On the evening of May 9, 1981, at approximately 9:45 P.M., Boston police Officer Peter Jerome received a radio call directing him to an alley at the rear of 860 Beacon Street, near Kenmore Square. When he arrived he saw the victim, Thomas Wharf, slumped unconscious and bleeding in the driver's seat of a red Cadillac automobile. Wharf was pronounced dead at 10:40 P.M. An autopsy revealed nine stab wounds, including one penetrating the left lung at a depth of four inches and another piercing the heart at a depth of seven inches. The right rear pocket of the victim's pants had been ripped open.
The Commonwealth presented extensive evidence indicating that the defendant committed the murder. Ronald Gray testified that he saw the defendant alone on Hadassah Way near Park Square in Boston on the night of the stabbing at approximately 8 P.M. Lori Pearlman testified that she was seated at a table in the living room of her apartment at 860 Beacon Street on the night of the stabbing. The table was located next to an open window overlooking the alley where the stabbing occurred. At approximately 9:30 P.M., she heard a loud voice from the alley yell out a few times, "Give me your money, you m---f---." She telephoned the police and reported what she assumed was a robbery. While she was on the telephone, she heard a car horn sound continuously
for approximately five seconds. She next saw someone with blond or light brown hair, wearing a brown leather jacket, run away from the building past parked cars in the alley.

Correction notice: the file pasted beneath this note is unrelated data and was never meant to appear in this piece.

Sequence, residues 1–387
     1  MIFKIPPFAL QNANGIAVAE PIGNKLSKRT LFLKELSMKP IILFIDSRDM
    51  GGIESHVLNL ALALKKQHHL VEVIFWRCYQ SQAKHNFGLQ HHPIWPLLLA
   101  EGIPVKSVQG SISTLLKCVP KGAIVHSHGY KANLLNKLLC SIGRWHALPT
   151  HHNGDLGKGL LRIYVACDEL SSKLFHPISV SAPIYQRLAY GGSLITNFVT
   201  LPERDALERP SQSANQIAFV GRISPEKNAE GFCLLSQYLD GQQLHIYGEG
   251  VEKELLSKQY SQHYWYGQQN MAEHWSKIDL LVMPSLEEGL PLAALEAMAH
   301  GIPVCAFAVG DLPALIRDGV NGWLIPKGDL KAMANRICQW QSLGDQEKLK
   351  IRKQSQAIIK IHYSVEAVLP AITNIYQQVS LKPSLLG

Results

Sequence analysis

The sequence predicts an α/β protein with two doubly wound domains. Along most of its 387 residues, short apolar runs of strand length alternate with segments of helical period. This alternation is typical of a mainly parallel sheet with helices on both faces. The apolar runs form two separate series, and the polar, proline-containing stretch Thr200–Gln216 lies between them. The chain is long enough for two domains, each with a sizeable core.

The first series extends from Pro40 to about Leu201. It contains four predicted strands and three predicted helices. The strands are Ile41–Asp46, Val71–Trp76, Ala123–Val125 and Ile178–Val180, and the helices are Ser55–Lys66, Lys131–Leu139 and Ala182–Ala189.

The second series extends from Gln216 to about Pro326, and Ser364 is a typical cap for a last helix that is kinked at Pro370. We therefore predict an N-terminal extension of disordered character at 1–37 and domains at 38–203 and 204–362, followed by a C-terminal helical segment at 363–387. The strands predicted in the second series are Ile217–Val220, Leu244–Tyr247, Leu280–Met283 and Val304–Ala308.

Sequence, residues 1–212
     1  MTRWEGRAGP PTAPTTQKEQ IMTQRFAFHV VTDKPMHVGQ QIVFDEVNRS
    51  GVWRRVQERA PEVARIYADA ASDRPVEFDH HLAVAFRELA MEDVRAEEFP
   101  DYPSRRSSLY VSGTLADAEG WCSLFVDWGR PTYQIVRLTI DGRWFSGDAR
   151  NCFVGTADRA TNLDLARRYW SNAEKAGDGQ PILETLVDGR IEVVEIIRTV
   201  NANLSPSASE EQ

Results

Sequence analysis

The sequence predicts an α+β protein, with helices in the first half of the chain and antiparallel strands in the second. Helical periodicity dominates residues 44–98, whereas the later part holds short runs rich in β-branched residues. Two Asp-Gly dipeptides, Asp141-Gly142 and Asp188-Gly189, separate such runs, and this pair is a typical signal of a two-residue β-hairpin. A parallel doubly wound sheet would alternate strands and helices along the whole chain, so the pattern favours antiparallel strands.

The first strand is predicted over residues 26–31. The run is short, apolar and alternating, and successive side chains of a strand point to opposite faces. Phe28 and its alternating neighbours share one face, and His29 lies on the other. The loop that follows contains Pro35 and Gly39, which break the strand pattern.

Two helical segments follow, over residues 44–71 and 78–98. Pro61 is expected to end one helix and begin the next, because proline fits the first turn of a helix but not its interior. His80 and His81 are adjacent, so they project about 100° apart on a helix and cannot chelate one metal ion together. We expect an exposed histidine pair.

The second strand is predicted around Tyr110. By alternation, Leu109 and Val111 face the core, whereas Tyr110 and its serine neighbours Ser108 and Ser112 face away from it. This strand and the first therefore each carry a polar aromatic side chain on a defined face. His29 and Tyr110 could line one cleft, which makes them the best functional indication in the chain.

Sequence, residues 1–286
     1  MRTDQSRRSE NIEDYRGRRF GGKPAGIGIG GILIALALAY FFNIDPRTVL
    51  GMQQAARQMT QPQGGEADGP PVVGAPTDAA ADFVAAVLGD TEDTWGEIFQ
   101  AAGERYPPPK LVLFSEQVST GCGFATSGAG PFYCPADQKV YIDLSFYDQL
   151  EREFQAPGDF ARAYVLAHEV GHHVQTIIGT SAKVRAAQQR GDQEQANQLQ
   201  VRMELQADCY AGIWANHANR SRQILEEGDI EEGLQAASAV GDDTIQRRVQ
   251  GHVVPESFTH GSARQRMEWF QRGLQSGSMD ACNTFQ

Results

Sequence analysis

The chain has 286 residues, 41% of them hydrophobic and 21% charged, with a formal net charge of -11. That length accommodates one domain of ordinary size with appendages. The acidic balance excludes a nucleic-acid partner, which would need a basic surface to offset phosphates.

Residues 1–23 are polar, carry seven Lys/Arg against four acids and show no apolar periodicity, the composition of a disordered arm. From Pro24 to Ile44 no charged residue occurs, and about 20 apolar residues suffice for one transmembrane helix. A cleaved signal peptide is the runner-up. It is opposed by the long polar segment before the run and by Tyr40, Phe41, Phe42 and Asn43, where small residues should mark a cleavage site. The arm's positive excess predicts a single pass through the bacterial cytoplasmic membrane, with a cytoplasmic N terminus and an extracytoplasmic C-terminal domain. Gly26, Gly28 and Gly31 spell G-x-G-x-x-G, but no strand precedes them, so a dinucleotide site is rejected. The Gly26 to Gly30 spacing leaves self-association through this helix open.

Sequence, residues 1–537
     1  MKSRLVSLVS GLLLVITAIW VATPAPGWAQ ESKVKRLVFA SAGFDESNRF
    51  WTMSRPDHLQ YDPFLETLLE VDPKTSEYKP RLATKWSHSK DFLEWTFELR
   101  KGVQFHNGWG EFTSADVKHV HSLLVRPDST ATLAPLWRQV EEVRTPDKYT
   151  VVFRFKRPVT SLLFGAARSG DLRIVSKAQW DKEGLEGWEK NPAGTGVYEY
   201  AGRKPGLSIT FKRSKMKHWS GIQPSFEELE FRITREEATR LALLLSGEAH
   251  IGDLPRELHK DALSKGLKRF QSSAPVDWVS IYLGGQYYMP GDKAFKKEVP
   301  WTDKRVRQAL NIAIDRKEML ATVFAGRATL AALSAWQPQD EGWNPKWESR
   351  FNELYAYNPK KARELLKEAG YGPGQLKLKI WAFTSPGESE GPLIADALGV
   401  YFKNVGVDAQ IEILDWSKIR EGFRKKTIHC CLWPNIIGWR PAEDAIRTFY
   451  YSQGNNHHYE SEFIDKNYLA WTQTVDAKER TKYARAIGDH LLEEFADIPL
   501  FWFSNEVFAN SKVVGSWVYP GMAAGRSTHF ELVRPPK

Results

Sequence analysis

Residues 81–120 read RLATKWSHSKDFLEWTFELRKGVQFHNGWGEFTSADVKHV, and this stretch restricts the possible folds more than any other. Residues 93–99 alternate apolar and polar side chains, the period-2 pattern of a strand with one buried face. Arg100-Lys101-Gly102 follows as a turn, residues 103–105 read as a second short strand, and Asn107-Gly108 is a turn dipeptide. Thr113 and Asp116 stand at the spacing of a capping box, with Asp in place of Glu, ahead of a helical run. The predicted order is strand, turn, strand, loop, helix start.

On the same night, at approximately 10:15 P.M., James Ryan was seated at a shelter at the Brookline Village streetcar station. He saw a light-haired young man, carrying a brown leather jacket, walk along the trolley tracks, coming from the direction of the scene of the murder. The young man came into the shelter, sat down beside Ryan, and asked him for a match. Ryan, who noticed that the young man's hand was covered with blood, asked him if he had cut himself. The young man replied that he had been in a fight and had stabbed someone approximately twenty times. Ryan and the young man spoke for about fifteen minutes and the young man told Ryan that his name was Greg. On the following day, Sunday, May 10, Ryan read an account of the murder in a newspaper. On Monday, May 11, Ryan telephoned the Boston police and told them of his meeting with the young man on the night of the stabbing. Ryan later identified a photograph of the defendant from an array of eleven photographs. The defendant's fingerprints were found in and on the victim's car.